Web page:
Simply Focusing on Your Future May Equal Failure

Simply Focusing on Your Future May Equal Failure

So you want to hang your own shingle and put your name on the door. You have thought about the future and the mountain of money you will make. Have you stopped to consider how exactly, and I mean specifically, you will achieve your goals?

Although thinking about your law firm’s success is a good idea, simply stewing on that future success as opposed to planning for it is a terrible idea. Here’s the thing about making mountains of money, building a business, or generally finding success: no one has ever done it by simply thinking about the end result. Building a successful small law firm doesn’t happen by thinking about the money it happens by spending countless hours reading, planning and stressing about the details.

The focus for any small law firm or solo practitioner should be and should remain a question: how should I go about achieving my goals? Goals are easy and more importantly goals are cheap. If you want to understand the hyper inflated value of goals, simply visit any kindergarten graduation ceremony in America. You will hear the best plans and goals of every 5-year-old ranging from being the CEO of Microsoft to the next president of the United States. Ask yourself: what separates their plans or goals from yours? It’s a ridiculous question, I know! You have a post-graduate degree. You successfully completed the Bar exam. You have managed to juggle your life, marriage and law school. But seriously, answer the damn question…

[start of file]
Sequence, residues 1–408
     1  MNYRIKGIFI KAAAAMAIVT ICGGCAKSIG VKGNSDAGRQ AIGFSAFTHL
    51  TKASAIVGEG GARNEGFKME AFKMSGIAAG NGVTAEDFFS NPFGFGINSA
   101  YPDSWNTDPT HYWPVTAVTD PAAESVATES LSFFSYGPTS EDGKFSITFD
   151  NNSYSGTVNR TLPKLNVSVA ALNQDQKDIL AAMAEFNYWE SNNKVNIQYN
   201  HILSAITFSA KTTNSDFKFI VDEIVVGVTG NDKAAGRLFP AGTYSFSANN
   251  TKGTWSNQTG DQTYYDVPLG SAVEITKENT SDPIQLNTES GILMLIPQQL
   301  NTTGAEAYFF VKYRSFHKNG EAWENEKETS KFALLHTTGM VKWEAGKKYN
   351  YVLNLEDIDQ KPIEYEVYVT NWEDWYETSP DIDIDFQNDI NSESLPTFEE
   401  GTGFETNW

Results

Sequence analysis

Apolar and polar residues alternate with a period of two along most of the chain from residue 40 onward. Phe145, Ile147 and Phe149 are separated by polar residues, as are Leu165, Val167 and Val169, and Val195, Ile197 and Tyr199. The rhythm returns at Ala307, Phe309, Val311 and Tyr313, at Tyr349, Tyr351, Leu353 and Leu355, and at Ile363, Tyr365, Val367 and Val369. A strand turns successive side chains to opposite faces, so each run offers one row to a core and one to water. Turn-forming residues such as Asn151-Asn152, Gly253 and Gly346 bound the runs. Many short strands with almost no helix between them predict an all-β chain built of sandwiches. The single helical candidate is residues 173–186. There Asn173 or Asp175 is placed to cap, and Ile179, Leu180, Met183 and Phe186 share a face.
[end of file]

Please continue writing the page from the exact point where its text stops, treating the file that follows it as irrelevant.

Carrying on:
Hopefully, your answer explains how you will achieve these goals. If you have solid short, medium and long-term visions for your practice, this question should provide a detailed explanation of the exact mechanism for your path to success.

As a small law firm or solo practitioner, your business and your success will live and die by the quality of your goals and plans. And if you jumped into your practice with both feet, your family and your finances will also live and die by the quality of your goals and plans.

When you decided to hang your own shingle, did you stop to think about why you were doing this? When last did you ask yourself why? Are you looking to fill a gap on your resumé while you look for a traditional job with a medium or large size law firm? How often do you ask yourself why you want to continue with your own practice?


Jared Pierce hung his own shingle right out of law school and has spent every minute since then discovering the joys and difficulties of chasing success. Anyone who has ever met Jared will tell you h

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